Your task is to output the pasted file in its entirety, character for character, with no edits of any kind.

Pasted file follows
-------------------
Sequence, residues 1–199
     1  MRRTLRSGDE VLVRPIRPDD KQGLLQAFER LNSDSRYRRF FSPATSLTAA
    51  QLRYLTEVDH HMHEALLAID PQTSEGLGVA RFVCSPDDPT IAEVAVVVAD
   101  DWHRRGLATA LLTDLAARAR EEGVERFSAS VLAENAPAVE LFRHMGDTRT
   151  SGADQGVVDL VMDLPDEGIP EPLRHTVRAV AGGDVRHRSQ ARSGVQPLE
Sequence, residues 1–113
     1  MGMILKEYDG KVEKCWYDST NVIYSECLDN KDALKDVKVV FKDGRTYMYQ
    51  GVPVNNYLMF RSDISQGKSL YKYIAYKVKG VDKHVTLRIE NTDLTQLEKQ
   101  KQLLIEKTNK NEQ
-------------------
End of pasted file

Sequence, residues 1–199
     1  MRRTLRSGDE VLVRPIRPDD KQGLLQAFER LNSDSRYRRF FSPATSLTAA
    51  QLRYLTEVDH HMHEALLAID PQTSEGLGVA RFVCSPDDPT IAEVAVVVAD
   101  DWHRRGLATA LLTDLAARAR EEGVERFSAS VLAENAPAVE LFRHMGDTRT
   151  SGADQGVVDL VMDLPDEGIP EPLRHTVRAV AGGDVRHRSQ ARSGVQPLE
Sequence, residues 1–113
     1  MGMILKEYDG KVEKCWYDST NVIYSECLDN KDALKDVKVV FKDGRTYMYQ
    51  GVPVNNYLMF RSDISQGKSL YKYIAYKVKG VDKHVTLRIE NTDLTQLEKQ
   101  KQLLIEKTNK NEQ